|~||~||~|Airlines sign contracts for the use of power plants based on the amount of thrust they can ac tually use and these are called power-by-hour contracts. So far, these contracts have proved increasingly popular in the airline industry as a whole, but have yet to really take hold in the Gulf region. The main reason that is cited for this is that airlines in the Middle East, led by Emirates, have had a preference to do things in-house, building up vertically integrated companies that prefer to be in control rather than work with joint-venture partners. And with Emirates setting the benchmark for other carriers in the region, this has become something of a regional business model, with even low-cost start-ups tending to utilise the services of the national flag carriers. Some airlines in the region, however, are already making use of power-by-the-hour contracts. Rolls-Royce, which pioneered the concept (and indeed, owns the trademark) counts Etihad, Qatar Airways, Gulf Air, Middle East Airlines and Egypt Air among its customer base. The engine manufacturer believes that the concept works. Mark Kerr, business development manager for after market services at Rolls-Royce explains that the concept was developed in the early-to-mid 1990s. “Customers were telling us that things had to be done differently,” he says. Since those days, when power-by-the-hour essentially meant a simple dollar payment per hour flown, the concept has developed and changed. Rolls-Royce now offers what it calls its Total Care package - with the manufacturer offering a comprehensive support package as well as a payment plan. A key advantage that Rolls-Royce can offer, Kerr explains, is economies of scale. “If you look at airline fleets, many do not have more than ten aircraft of a particular type. If you don’t have more than ten of a type, then predictive maintenance becomes difficult. If you have just two or three aircraft of a particular type, it becomes very hard indeed. Why not let us take responsibility, when we are monitoring 200, 300, or even 400 engines of that type. We have access to data across whole fleets. Why try to do it yourself?” He adds that the maintenance performance of engines tends not to vary that much based on how many hours they fly. Rather than the cruise phase, the key parts of the flight, from an engine maintenance point of view, are take-off and climb. The cornerstone of Total Care is engine maintenance. “The engine is viewed much more as an asset,” says Kerr. “It is a service we have expanded and developed. We help airlines in the day-to-day running, repair and overhaul, and shipping.” As part of the Total-Care package, Rolls-Royce will offer to send its own engineer to sit alongside the operations teams at airline customers. While the operations team is fire-fighting, concentrating on getting the aircraft back in the air, the Rolls-Royce engineer will take care of the wider issues, liaising with Rolls-Royce engineers back in Derby in the UK. “He is more concerned with the strategy. Leaving the airline’s own team to take care of the tactics,” says Kerr. Information has a critical role to play. The system that Rolls-Royce has developed for the Trent 1000, on the new Boeing 787, will be capable of storing information on 50 flights, for instance. Although Total Care is tailored towards individual airlines, Kerr makes clear that there are certain minimum aspects of the contract that the manufacturer considers as necessary. “If an airline comes to us and says we don’t want the engine’s health monitoring, then we say fine, but we will not offer the Total Care brand,” explains Kerr. On the other hand, he says that the manufacturer is willing to offer the Total Care package, where the airline does not want to take the option of having a Rolls-Royce engineer sitting with its operations team, noting that some airlines are sensitive about labour relations issues and security of data. “Some services are optional and some are key,” he says. Another must have, as far as Rolls-Royce is concerned, is to let the manufacturer take care of shipping. “We offer guaranteed turn-around times of around ten days. If it takes five days to deliver the engine to us, then this won’t work. It will leave us just five days to get the engine back to the customer,” he explains. In addition to its Derby headquarters, Rolls-Royce has centres in North America (a joint venture with American Airlines), Germany, where it works with Lufthansa Technik, and Hong Kong and Singapore. The Middle East and North Africa have not built-up the critical mass to warrant a facility in the region yet, but Rolls-Royce does have managers on the ground in Dubai and Riyadh, along with representatives working with the Total Care customers it does have in the region. The nerve-centre of operations, however, is in Derby, where the company has an operations room which is manned 24-hours a day, seven days a week. “That’s where data gets turned into statistics and analysed,” explains Kerr. “What we are really looking to do is to highlight the unnatural.” Information from engines or aircraft flying around different parts of the globe is beamed back to Derby by satellite - Kerr estimates that Derby-based engineers can be analysing data within five minutes. The engineers will then converse with the Rolls-Royce engineers around the world, with the airlines themselves and even with the pilots who are flying the aircraft. “They have access to the engineering teams virtually at their fingertips, and are up-to-date with all the various engineering bulletins that apply to all the various different types of engine,” explains Kerr. “Some people have referred to the operations room as the help desk, but it really is so much more than that.” A key advantage of the Total Care package from a customer point of view, Kerr says, is that the manufacturer has a major incentive to keep the engine running as smoothly as possible. “We are getting paid on a dollar per flying hour basis. If the asset is not generating revenue for the customer, then it is not generating revenue for us. This is a fundamental change in the buyer/suppler model,” says Kerr. He insists that the value generated by Total Care more than justifies the costs involved. Apart from the benefits from the access to information, he points to the money that carriers will not have to spend when an airline doesn’t “go tech” as a fault, has been spotted and dealt with. He estimates the average cost to an airline, in such cases, can be as high as US$500,000 once aspects, such as feeding and, possibly finding a hotel room for passengers, has been taken care of. “It is effectively an insurance policy,” he says. The fact that Total Care minimises the need for the carrier’s own engineers to work on the engines is also a plus, he says. “The human factor is something to consider. It is a key source of errors,” he says. Total Care also means that Rolls-Royce’s engineers have more incentive, and are therefore more likely to use new materials when they are carrying out maintenance on engines, rather than using repaired parts. “People often don’t realise that there are all these hidden benefits,” Kerr says. Some Middle East, and one North African carrier have already been won over by the argument. Whether the concept wins wider acceptance in the region, only time will tell.||**||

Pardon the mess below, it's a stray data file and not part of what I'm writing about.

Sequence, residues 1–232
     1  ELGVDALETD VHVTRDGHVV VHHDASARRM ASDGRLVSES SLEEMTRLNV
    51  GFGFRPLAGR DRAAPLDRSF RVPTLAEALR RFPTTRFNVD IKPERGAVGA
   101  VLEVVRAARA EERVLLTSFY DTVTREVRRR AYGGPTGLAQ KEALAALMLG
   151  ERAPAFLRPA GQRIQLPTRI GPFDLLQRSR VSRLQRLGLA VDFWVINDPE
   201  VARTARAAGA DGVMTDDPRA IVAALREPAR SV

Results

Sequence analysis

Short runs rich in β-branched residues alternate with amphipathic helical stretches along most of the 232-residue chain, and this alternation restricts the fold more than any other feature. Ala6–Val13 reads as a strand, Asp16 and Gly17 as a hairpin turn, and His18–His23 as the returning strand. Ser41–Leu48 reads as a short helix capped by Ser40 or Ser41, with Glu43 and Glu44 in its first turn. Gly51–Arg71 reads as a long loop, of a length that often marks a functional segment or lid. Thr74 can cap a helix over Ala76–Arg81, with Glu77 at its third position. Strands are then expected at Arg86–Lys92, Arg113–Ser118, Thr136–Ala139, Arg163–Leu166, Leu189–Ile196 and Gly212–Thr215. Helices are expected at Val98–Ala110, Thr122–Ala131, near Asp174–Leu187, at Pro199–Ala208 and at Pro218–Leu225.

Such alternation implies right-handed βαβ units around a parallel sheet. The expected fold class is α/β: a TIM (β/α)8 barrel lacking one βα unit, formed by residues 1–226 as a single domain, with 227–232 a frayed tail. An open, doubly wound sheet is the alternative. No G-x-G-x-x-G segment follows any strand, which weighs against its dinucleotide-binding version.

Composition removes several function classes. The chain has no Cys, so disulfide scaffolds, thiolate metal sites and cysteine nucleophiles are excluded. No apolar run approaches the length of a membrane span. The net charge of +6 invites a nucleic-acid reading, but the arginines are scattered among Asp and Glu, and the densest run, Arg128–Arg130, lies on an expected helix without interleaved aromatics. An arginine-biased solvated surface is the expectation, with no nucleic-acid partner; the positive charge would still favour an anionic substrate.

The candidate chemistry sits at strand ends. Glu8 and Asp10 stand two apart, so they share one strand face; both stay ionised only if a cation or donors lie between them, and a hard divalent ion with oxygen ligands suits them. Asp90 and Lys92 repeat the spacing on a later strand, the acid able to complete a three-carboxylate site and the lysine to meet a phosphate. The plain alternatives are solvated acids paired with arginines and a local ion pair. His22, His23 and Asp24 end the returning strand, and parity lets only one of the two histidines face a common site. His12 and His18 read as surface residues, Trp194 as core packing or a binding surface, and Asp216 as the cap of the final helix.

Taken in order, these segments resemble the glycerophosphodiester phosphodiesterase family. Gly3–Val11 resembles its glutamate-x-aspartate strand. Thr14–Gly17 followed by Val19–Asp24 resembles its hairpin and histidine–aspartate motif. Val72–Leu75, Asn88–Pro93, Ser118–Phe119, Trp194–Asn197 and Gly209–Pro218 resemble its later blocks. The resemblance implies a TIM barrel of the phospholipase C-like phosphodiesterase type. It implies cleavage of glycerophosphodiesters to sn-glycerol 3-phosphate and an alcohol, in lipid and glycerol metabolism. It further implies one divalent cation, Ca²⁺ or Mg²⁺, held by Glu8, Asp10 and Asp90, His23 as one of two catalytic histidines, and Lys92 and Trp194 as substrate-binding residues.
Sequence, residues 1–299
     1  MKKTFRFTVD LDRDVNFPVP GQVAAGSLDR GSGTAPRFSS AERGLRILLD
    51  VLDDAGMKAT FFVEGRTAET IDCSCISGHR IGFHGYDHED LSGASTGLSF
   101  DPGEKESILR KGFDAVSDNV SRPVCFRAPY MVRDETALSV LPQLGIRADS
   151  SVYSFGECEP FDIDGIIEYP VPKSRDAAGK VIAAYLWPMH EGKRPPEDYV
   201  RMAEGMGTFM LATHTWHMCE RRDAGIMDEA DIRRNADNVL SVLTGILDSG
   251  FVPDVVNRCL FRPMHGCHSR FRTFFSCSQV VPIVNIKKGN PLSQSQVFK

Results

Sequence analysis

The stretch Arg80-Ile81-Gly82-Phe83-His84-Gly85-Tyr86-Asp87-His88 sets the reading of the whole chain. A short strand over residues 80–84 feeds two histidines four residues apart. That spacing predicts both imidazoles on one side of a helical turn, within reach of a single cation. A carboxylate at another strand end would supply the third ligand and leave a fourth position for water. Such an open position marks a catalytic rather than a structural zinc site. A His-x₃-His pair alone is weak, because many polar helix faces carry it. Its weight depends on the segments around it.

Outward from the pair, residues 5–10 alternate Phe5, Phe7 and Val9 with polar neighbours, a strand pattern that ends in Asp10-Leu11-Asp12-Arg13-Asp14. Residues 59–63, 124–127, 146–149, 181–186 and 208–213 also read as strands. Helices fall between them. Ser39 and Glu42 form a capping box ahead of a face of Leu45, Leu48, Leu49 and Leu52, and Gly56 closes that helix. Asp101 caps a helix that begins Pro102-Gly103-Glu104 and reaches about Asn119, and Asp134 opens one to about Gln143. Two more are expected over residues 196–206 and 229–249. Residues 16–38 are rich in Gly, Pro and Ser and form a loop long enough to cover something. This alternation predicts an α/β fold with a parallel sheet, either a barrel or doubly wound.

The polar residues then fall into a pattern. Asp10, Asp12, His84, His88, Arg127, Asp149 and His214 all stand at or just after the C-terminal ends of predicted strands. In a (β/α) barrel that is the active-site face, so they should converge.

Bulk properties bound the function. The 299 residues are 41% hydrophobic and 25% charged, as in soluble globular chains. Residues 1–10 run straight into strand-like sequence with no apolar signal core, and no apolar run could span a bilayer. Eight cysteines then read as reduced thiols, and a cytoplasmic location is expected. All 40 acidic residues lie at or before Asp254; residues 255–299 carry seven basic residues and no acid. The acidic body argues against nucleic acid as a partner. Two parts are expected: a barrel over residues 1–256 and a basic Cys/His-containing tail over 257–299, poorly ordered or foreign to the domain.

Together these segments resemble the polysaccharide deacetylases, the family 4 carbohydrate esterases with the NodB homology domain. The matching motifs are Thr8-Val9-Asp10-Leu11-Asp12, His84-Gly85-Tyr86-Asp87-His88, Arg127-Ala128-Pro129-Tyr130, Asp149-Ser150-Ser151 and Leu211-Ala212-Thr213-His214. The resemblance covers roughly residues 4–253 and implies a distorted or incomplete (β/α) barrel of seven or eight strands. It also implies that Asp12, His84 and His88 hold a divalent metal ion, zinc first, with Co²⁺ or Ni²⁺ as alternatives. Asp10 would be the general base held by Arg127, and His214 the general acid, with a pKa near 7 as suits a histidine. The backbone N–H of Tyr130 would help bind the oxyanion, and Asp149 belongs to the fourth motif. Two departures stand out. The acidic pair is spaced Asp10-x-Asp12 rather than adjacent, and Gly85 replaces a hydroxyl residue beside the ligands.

Add a Comment

Your display name This field is mandatory

Your e-mail address This field is mandatory (Your e-mail address won't be published)

Security code